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Table. 3 Simple present: an extraction of essential rules

From: Dr. Mosaik: a holistic framework for understanding the English tense–aspect system based on ontology engineering

Simple present
Time-unrelated rules (exclusive characteristic of this tense)
 Series of actions and events
  Instructions (directions/recipes) (You go straight, turn right...)
 Intentionally turning the past into present (storytelling)
  Story/anecdote/commentary (for liveliness) (So he knocks, walks in, and…)
  Summary of event (for liveliness) (In 1945, the war comes to an end…)
       Headlines (news) (Investigation Sheds Light on...)
Time-related rules (which derive into simple past)
 Shared understanding of “now” (also occurs in past and future)
 With explicit specification
  Habit/recurrent action
   With expressions of frequency (I clean the garden every day. I usually clean…)
   In  time clauses (I clean the garden when I find time.)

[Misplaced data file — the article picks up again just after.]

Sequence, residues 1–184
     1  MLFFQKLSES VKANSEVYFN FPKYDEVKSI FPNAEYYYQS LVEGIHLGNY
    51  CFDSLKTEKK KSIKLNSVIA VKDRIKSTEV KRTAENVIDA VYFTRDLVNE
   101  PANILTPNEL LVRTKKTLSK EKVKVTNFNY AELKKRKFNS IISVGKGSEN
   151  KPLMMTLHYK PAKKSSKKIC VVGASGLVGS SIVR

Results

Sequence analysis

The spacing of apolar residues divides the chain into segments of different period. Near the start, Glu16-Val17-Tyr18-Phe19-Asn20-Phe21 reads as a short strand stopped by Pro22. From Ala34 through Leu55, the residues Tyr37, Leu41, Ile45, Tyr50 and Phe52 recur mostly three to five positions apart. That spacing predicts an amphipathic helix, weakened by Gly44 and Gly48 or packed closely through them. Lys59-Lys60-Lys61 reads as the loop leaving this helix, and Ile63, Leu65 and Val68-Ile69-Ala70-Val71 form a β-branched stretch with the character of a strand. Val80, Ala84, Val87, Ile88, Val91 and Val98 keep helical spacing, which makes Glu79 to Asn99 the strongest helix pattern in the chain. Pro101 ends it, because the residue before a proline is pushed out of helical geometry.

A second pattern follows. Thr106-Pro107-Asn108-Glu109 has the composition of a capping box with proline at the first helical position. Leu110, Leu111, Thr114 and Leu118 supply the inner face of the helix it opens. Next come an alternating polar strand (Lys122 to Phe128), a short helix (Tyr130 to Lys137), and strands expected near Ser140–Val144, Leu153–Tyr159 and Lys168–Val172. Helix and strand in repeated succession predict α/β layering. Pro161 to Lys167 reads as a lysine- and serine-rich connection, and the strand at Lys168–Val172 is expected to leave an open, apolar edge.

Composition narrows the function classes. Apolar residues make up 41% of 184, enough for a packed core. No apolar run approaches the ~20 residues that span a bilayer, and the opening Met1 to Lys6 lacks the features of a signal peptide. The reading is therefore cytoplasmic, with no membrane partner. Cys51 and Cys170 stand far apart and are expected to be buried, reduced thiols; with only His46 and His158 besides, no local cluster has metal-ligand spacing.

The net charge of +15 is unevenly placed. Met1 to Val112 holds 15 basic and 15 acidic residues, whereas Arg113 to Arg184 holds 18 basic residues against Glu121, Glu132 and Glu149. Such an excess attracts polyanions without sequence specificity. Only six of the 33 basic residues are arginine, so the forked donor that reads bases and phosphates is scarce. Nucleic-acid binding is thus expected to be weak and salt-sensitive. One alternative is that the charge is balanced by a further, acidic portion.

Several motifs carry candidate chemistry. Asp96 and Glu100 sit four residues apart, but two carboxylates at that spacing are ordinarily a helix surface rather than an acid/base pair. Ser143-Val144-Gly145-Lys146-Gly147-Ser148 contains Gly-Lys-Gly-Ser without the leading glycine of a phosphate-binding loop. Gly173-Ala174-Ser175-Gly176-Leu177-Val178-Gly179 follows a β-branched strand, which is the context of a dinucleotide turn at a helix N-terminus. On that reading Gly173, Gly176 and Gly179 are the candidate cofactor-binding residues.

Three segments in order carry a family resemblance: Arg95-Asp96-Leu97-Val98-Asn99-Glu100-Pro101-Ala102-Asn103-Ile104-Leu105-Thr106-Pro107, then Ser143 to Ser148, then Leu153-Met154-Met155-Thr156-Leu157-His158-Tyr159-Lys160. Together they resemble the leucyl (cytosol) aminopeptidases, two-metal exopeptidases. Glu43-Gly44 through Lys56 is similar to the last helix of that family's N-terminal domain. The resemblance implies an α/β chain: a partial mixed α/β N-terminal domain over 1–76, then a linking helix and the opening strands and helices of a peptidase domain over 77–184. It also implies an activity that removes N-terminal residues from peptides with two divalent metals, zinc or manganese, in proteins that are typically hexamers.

Set scheduled event (The plane leaves at 8 p.m. tomorrow/on Tuesdays.)
  Event/action that prepares for future action/event
   In time clauses (As soon as he arrives, I will prepare dinner.)
 Without explicit specification
  Statement of “general” truth
   Generalization, fact, truth (The sun rises from the east.)
   Long-lasting state or situation (Grizzly bears live in Alaska.)
Description of states (stative-meaning verbs)
 Being/existing (The beauty of this area consists in its gorgeous temples.)
 Cognitive/mental states
  Thinking/belief/opinion/likes/dislikes (I understand. I know/think he’s wrong. I like sushi.)
  State of mind/feeling (I expect you to arrive early. I am happy to help you. I love you.)
 Sense perception (This soup tastes wonderful.)
 Appearance (You look great.)
 Possession (He has a beautiful car.)
 Scientific states/relations between concepts (X depends on feedback loops. The sum equals 34.)
 Other (This pumpkin weighs 10 kg.)
Case of exception
 Performative verbs (I promise not to tell anyone.)
 Certain expressions (Here comes the bus!)